As was confirmed several hours ago, US President Donald Trump and North Korean leader Kim Jong-un have pledged to work toward complete denuclearisation of the Korean peninsula while Washington committed to provide security guarantees for its old enemy.



It’s done. Good work, I suppose, but seriously… Are we really going to keep patting him on the back for these basic historical treaties that he is arranging with previously terrifying trigger-happy warlords? Like, the Kim Jong-un thing happened three hours ago. It’s been reported on. He’s done one good thing. Get over it.

I think he’s getting enough praise from those morons that voted for him right about now.

Sure, he’s basically stopped an entire subcontinent, that borders the world’s most important economic power, from being turned into a glass bowl – but his silence on gender neutral toys and dunnies is deafening.

In a world terrified of Nuclear war, it’s things like this that are overshadowed by the fears and agendas of pre-internet mouth-breathers in the United Nations, and the deplorables that voted for them.

Gender-neutral policy was one of the key differences between the Clinton and Trump campaign.

Trump never spoke about it. Not once, while Hillary, on the hand, spoke about it three times. Twice when she was visiting LA, and then once more in a rally in New York.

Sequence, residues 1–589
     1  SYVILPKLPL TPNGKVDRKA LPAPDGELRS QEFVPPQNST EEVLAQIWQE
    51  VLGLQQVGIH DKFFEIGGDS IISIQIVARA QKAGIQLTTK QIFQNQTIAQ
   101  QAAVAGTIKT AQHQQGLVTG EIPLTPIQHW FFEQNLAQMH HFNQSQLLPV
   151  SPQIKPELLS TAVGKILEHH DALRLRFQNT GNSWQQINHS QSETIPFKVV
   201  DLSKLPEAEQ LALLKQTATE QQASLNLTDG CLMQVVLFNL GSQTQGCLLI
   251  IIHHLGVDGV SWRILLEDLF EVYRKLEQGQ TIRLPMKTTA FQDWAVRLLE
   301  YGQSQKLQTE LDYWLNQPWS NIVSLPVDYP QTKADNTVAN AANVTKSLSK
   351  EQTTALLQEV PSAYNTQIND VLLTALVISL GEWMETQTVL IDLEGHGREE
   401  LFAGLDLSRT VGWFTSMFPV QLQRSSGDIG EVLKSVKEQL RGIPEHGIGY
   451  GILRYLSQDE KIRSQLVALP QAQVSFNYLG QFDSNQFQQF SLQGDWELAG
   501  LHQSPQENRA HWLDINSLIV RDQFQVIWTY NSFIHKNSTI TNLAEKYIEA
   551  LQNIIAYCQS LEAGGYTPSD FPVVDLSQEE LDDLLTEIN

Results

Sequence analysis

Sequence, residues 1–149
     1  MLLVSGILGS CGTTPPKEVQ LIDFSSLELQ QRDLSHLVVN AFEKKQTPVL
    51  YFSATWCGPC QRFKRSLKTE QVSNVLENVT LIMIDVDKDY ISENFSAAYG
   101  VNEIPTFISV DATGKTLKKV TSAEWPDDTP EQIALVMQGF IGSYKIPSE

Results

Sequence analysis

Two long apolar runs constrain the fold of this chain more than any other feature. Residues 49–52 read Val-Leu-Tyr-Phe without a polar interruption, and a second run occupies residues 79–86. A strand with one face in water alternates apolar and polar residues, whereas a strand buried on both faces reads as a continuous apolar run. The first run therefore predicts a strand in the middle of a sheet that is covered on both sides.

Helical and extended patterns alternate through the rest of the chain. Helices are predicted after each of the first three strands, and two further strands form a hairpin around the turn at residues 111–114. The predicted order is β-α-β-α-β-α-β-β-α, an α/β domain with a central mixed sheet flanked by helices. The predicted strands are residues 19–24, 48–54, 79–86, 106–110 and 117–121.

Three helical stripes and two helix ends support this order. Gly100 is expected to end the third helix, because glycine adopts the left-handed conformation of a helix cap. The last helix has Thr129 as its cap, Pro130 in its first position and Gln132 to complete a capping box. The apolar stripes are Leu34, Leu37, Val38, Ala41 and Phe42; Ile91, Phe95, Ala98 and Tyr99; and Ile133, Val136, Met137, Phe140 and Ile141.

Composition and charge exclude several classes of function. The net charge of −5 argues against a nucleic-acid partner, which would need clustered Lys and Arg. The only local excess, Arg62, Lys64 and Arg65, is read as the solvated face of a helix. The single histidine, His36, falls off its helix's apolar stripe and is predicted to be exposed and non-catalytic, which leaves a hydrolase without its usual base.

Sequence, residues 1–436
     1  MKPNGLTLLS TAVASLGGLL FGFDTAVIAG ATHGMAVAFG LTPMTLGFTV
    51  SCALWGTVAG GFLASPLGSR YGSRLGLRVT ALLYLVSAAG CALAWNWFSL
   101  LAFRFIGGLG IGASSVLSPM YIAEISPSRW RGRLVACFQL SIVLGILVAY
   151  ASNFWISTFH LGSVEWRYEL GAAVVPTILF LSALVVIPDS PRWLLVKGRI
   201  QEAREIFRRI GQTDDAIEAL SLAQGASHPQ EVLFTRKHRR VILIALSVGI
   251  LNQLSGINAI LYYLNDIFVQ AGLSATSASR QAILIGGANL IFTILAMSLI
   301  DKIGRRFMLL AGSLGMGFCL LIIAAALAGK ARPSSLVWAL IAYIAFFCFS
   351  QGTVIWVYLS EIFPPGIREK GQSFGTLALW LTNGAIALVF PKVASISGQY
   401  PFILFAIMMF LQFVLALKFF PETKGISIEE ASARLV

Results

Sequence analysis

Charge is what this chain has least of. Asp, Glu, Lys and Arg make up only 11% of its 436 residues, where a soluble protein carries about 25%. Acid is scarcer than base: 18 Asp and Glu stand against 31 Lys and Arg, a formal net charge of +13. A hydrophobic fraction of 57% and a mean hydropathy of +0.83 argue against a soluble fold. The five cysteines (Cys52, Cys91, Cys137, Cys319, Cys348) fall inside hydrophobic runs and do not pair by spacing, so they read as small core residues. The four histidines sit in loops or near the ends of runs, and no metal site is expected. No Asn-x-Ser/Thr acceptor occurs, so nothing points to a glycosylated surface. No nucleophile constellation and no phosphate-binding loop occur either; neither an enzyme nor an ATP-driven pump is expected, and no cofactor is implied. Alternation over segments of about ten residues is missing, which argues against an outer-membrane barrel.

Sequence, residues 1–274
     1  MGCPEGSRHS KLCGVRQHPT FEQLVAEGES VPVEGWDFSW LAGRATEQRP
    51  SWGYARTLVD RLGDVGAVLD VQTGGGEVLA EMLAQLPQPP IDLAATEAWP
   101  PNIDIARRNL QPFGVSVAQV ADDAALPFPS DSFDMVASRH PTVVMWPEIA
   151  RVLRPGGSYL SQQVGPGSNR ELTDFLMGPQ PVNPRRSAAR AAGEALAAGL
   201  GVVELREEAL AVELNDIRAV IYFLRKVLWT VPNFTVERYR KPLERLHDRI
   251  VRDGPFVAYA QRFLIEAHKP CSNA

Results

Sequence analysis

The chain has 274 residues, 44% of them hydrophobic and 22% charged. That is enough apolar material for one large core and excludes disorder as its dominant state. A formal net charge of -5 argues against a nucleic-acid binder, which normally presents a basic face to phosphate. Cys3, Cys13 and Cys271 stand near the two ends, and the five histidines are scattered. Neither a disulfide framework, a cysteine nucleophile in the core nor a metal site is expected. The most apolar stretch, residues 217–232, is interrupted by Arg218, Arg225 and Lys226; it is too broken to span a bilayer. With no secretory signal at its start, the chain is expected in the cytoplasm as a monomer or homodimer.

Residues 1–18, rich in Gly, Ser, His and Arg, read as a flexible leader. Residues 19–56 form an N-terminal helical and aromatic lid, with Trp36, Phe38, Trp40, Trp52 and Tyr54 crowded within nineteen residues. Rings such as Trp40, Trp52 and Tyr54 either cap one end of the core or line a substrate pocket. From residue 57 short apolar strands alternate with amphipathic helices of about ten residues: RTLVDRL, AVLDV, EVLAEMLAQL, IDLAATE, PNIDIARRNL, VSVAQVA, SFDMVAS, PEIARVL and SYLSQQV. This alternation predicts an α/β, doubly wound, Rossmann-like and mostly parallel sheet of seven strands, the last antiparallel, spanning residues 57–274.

Trump may have had a moment today. He may have just negotiated a deal the denuclearise two nations that have been warring since my old AF grandpa was a kid, but he’s still got a long way to go before I can finally say #MyPresident.

About the writer: Jamie Hottake is a comfortable upper middle class Australian content writer who freelances between several online newspapers who are held afloat entirely by clicks that come from outrage-fuelled topics and listicles about Gaytime-themed novelty ice cream products.

He is not American so him saying #NotMyPresident doesn’t really much to anyone.

As a straight white male that’s never worn high-vis and has never been in a fist-fight, Jamie yearns for a sense of victimhood – but mostly has to settle as an ally for minorities, taking it upon himself to horribly articulate their concerns from his perspective. However, on a rare occasion, Jamie finds himself feeling like an outsider, and is very quick to pen 400 words about his uniqueness and vulnerabilities. He lives in a sharehouse with several musicians in Brisbane’s West End and lives in fear of people finding the photos of him attending a friends fancy dress-themed 18th birthday party in 2005, where he was dressed in blackface.


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